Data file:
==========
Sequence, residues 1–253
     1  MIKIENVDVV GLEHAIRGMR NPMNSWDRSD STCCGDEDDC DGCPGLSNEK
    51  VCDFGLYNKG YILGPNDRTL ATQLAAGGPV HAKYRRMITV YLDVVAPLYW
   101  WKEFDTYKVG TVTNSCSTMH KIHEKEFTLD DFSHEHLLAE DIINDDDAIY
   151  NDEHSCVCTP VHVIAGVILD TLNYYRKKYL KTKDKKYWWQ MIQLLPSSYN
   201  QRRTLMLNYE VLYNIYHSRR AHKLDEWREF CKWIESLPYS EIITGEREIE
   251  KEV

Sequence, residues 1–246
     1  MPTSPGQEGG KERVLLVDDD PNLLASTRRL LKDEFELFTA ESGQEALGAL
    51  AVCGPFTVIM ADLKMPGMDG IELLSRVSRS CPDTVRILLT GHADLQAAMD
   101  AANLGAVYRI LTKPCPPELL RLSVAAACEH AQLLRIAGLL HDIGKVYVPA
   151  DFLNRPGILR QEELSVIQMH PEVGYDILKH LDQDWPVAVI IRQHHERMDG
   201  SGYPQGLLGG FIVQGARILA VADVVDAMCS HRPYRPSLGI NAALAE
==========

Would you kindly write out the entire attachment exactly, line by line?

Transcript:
Sequence, residues 1–253
     1  MIKIENVDVV GLEHAIRGMR NPMNSWDRSD STCCGDEDDC DGCPGLSNEK
    51  VCDFGLYNKG YILGPNDRTL ATQLAAGGPV HAKYRRMITV YLDVVAPLYW
   101  WKEFDTYKVG TVTNSCSTMH KIHEKEFTLD DFSHEHLLAE DIINDDDAIY
   151  NDEHSCVCTP VHVIAGVILD TLNYYRKKYL KTKDKKYWWQ MIQLLPSSYN
   201  QRRTLMLNYE VLYNIYHSRR AHKLDEWREF CKWIESLPYS EIITGEREIE
   251  KEV

Sequence, residues 1–246
     1  MPTSPGQEGG KERVLLVDDD PNLLASTRRL LKDEFELFTA ESGQEALGAL
    51  AVCGPFTVIM ADLKMPGMDG IELLSRVSRS CPDTVRILLT GHADLQAAMD
   101  AANLGAVYRI LTKPCPPELL RLSVAAACEH AQLLRIAGLL HDIGKVYVPA
   151  DFLNRPGILR QEELSVIQMH PEVGYDILKH LDQDWPVAVI IRQHHERMDG
   201  SGYPQGLLGG FIVQGARILA VADVVDAMCS HRPYRPSLGI NAALAE